History Curriculum Statement



The National Curriculum for History aims to ensure that all children:

  • know and understand the history of these islands as a coherent, chronological narrative, from the earliest times to the present day: how people’s lives have shaped this nation and how Britain has influenced and been influenced by the wider world
  • know and understand significant aspects of the history of the wider world: the nature of ancient civilisations; the expansion and dissolution of empires; characteristic features of past non-European societies; achievements and follies of mankind
  • understand historical concepts such as continuity and change, cause and consequence, similarity, difference and significance, and use them to make connections, draw contrasts, analyse trends, frame historically-valid questions and create their own structured accounts, including written narratives and analyses
  • understand the methods of historical enquiry, including how evidence is used rigorously to make historical claims, and discern how and why contrasting arguments and interpretations of the past have been constructed
  • gain historical perspective between short- and long-term timescales.

At How Wood we teach both History and Geography through thematic topics. This approach enables us to embed key skills through creative, enquiry-based lessons. We highlight key texts in each topic to bring a narrative through learning as key aspects of each subject are linked together.

Through topic lessons we seek to inspire children in their curiosity and fascination about the world and its past. We equip children with knowledge about significant historical events, people and places both within our locality and around the world. We deepen their understanding of changes that are happening within our living memory and the impact that this has on the world. We study events that happened beyond our living memory and hold discussions on what we continue to learn from them. We look at and learn from the lives of significant individuals who have contributed to national and international achievements. We provide children with opportunities to visit local heritage sites that give us insight into what life was like in the past. Our lessons are focussed on comparing life ‘then’ to life ‘now’. Children become historians in our topic lessons, examining evidence and forming their own conclusions. To this end by teaching key historical knowledge, understanding and skills, we aim for children to look back with respect and to the future with a passion to see History positively changed.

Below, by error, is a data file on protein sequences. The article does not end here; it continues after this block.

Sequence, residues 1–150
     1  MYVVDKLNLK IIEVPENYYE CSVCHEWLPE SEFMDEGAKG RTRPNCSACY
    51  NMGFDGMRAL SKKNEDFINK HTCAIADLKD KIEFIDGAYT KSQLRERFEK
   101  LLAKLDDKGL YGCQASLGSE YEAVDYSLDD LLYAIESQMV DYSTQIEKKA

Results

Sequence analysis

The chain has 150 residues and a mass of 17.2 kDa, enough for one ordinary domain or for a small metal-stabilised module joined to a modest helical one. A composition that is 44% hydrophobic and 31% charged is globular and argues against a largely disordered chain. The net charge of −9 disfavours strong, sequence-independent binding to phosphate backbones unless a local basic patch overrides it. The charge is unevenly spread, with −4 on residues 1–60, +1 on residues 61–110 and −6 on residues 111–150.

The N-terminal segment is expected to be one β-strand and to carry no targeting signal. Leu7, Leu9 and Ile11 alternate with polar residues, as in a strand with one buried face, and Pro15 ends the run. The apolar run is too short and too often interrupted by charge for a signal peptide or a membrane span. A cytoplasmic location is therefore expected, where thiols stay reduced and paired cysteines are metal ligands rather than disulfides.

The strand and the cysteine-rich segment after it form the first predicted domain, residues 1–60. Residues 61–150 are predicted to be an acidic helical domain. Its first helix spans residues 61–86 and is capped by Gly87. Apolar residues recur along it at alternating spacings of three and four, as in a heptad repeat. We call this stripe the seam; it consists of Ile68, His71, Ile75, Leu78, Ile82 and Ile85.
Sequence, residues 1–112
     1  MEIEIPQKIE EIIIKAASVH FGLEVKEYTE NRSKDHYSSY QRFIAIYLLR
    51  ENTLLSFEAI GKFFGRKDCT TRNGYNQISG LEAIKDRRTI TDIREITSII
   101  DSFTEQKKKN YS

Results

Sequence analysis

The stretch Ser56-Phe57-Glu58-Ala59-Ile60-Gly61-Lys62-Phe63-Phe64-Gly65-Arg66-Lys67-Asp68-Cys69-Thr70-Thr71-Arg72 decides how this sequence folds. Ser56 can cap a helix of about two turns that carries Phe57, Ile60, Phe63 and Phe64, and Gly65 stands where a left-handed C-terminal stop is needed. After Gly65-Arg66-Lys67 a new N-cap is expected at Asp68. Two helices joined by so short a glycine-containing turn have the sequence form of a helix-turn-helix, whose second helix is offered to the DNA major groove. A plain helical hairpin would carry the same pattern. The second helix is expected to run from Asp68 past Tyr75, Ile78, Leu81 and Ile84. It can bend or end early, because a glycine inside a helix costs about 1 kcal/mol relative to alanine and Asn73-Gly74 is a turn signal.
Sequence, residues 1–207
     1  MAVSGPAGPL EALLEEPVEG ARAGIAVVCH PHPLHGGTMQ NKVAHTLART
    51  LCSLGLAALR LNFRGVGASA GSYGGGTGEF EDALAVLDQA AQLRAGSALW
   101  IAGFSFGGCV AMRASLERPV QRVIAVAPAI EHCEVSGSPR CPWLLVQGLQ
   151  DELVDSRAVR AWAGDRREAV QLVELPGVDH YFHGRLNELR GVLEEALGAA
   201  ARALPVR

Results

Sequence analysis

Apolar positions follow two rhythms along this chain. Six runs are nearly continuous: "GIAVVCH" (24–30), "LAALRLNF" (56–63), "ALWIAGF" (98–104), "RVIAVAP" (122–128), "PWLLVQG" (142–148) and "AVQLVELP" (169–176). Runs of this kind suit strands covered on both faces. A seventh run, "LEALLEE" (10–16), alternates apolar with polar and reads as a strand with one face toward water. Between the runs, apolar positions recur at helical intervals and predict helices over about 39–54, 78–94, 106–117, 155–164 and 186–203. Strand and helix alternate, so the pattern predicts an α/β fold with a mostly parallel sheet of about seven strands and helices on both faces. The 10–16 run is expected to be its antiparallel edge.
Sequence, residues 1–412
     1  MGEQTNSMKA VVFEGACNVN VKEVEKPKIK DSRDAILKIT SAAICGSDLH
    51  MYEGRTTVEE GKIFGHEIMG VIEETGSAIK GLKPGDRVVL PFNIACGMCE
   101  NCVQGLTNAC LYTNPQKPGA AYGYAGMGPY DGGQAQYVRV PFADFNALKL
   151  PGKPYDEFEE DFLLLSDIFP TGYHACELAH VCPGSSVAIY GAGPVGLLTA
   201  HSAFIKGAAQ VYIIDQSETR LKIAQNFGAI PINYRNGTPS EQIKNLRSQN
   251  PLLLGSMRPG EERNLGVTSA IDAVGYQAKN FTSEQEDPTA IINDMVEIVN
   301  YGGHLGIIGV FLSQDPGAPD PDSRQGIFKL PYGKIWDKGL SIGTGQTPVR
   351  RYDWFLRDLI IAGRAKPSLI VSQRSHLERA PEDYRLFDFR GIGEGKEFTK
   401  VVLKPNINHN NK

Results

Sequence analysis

Topic lessons are taught once a week as part of a termly 12-week unit. Each topic starts with a WOW enquiry-based lesson. Teachers use this to assess children’s prior knowledge and gather questions to address as the journey through learning begins. Each topic ends with a FAB summative session that ties together the learning that has taken place over the term. This could be in the form of a class celebration, trip, or presentation. The aim is for each teacher to draw learning back to children reflecting on the progress they have made. Topics are designed to develop children’s key vocabulary throughout the year. Progression of vocabulary is highlighted on long term plans which enable us to ensure children consolidate and build upon language from EYFS to Year 6.

History work influences our class trips specifically providing children with the opportunity to explore our locality and learn about the past. As they progress through the school, children are encouraged to identify how our local area has changed through time and discuss causes and consequences for this change. History also is celebrated through our Curriculum Enrichment Days (CED) where the whole school engages with specific national events such as Armistice Day, Black History Month, and St George’s Day.

Topic lessons are planned to incorporate all children in line with the school’s inclusion policy. We provide support alongside activities that will offer stretch and challenge. History work also forms part of our ‘Home Learning Menu’ offered to children in Key Stage 2.



Children’s progress is evidenced in their topic books, classroom displays, home learning and through conversations with children. At the end of each key stage, the children’s learning is assessed against the age-related expectation bands that are based on the 2014 National Curriculum statements for History. This informs future planning of topics to ensure coverage is being met. Children are encouraged to reflect on how we learn about the past and how to analyse sources for evidence.

National Curriculum: History Programmes of Study







History Skills & Knowledge Progression